Saturday, September 19, 2009
Robert Creeley was an American poet known for his loose, discursive style of writing. His poems tend to be informal and conversational, but they often have an intrinsic structure that binds the words into a cohesive whole.
He was the kind of poet who wrote a lot, didn’t much revise, and tended to publish most of what flowed from pen to paper. This means that some of his work is a slog, although not a slog in the “extremely difficult and gnomic” sense of, say, John Ashbery. Reading his work can feel like listening to a friend natter on about nothing in particular – except that on occasion, this friend expresses herself in a way so lovely and transcendent that you want her to keep talking forever in hopes that it will happen again.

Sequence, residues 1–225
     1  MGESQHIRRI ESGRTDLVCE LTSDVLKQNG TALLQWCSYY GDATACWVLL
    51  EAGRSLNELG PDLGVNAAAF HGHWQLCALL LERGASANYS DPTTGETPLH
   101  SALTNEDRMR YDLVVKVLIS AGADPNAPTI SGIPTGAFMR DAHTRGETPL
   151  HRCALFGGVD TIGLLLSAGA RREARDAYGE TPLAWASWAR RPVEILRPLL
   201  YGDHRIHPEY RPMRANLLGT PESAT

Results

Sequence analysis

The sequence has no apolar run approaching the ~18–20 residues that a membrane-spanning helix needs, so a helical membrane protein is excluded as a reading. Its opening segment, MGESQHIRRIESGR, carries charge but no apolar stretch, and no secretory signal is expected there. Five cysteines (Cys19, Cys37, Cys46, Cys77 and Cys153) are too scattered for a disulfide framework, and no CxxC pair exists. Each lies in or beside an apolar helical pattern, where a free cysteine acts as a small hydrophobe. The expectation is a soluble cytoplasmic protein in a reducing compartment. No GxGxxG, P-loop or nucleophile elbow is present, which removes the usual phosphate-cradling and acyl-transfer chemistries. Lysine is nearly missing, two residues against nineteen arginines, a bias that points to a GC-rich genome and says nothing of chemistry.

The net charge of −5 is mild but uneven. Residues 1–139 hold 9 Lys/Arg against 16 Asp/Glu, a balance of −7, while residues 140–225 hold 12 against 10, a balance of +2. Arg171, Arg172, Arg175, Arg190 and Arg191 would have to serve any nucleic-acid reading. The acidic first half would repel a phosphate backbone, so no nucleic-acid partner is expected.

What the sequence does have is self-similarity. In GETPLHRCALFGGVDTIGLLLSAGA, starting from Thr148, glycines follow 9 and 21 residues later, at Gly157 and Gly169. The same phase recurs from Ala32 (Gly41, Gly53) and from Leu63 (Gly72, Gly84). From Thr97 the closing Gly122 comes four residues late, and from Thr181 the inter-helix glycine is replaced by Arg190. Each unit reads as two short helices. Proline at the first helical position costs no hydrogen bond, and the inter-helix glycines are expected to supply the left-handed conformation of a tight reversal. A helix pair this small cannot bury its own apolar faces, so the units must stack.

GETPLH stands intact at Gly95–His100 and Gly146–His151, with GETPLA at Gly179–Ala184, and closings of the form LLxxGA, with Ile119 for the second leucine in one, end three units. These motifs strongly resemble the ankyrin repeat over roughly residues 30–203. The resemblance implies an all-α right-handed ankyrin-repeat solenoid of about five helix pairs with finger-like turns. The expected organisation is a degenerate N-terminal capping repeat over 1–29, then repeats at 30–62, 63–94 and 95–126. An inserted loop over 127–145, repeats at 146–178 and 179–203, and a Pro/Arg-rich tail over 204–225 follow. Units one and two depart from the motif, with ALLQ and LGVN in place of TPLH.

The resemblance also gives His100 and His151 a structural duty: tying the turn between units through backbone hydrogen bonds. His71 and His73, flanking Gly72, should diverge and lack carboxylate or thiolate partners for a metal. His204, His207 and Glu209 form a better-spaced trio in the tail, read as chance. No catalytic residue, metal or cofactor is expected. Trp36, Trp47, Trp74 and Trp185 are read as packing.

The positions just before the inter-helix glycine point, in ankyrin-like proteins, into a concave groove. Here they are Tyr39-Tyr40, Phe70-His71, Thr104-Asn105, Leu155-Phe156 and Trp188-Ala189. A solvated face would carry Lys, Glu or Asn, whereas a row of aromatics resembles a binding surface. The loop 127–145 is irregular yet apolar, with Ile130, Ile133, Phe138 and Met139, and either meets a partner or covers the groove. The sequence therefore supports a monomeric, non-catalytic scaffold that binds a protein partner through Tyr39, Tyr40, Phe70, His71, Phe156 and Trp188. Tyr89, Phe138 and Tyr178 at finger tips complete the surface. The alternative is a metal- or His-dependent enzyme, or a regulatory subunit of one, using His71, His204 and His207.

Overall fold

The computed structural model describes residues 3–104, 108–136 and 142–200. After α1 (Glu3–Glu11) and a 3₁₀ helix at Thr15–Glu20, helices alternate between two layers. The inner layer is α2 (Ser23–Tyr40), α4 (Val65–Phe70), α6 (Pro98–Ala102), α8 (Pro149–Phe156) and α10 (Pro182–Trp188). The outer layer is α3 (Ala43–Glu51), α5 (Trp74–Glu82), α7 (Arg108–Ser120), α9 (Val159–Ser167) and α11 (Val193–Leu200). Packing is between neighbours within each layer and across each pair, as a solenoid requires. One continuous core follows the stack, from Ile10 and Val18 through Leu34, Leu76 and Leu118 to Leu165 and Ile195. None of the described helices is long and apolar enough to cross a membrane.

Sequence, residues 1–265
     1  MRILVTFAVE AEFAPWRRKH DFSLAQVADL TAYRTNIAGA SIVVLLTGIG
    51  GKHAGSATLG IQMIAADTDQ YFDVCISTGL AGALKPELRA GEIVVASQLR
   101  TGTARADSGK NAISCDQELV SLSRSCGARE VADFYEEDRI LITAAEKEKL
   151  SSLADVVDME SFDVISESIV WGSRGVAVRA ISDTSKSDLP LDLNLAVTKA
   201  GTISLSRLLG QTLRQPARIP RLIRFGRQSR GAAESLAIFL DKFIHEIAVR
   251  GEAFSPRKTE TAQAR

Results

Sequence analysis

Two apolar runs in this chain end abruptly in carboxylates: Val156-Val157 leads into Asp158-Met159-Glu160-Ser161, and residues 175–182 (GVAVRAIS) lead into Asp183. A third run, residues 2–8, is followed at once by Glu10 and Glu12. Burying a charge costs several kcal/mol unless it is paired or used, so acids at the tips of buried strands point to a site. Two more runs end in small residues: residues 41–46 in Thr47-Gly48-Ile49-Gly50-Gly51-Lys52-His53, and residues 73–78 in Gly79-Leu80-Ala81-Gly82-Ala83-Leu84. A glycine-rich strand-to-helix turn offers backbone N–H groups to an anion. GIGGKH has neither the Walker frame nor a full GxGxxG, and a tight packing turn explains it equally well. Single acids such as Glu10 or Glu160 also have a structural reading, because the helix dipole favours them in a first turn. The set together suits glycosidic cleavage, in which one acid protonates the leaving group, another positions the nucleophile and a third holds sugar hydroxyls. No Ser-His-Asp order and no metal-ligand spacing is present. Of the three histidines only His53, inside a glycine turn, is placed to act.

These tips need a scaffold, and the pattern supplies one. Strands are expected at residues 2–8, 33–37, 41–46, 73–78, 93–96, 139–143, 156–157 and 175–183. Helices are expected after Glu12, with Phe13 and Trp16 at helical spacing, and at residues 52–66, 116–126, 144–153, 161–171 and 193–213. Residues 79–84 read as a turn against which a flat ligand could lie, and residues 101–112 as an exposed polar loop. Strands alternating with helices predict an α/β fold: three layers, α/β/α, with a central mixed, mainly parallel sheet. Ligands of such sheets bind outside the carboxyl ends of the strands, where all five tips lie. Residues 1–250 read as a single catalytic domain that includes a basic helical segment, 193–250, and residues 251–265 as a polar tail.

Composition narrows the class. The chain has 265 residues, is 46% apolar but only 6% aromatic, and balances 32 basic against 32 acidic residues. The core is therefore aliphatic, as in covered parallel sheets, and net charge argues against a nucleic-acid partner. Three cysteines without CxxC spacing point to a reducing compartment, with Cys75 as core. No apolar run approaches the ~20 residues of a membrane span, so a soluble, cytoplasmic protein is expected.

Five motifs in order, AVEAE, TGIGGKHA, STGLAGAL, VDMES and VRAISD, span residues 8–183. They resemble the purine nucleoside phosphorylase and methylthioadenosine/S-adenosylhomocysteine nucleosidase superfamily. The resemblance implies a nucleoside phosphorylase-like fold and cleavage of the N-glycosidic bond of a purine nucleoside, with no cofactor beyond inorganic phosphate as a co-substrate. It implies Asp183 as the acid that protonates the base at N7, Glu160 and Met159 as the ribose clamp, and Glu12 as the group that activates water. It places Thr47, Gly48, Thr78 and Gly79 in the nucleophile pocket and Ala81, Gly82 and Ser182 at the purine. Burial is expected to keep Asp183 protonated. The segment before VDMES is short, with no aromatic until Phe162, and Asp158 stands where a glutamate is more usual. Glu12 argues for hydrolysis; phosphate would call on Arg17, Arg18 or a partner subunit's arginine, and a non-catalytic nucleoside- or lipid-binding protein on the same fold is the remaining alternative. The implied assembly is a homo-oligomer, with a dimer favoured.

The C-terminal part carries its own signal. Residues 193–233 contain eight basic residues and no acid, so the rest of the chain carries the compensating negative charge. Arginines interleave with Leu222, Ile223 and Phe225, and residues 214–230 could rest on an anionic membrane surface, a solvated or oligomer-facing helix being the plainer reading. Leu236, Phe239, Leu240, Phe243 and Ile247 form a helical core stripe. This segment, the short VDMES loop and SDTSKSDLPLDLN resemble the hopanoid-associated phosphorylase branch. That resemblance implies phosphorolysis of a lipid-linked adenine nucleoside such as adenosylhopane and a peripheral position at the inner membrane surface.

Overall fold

This is one of my favorite of his poems. It’s a translation of Lorca, but Creeley’s voice is very present.
(For M. Marti)
The Church is a business, and the rich
are the business men.
When they pull on the bells, the
poor come pilling in and when a poor man dies, he has a wooden
cross, and they rush through the ceremony.
But when a rich man dies, they
drag out the Sacrament
and a golden cross, and go doucement, doucement
to the ceremony.
And the poor love it
and think it's crazy.
Robert Creeley On Wikipedia
Robert Creeley on Poets.org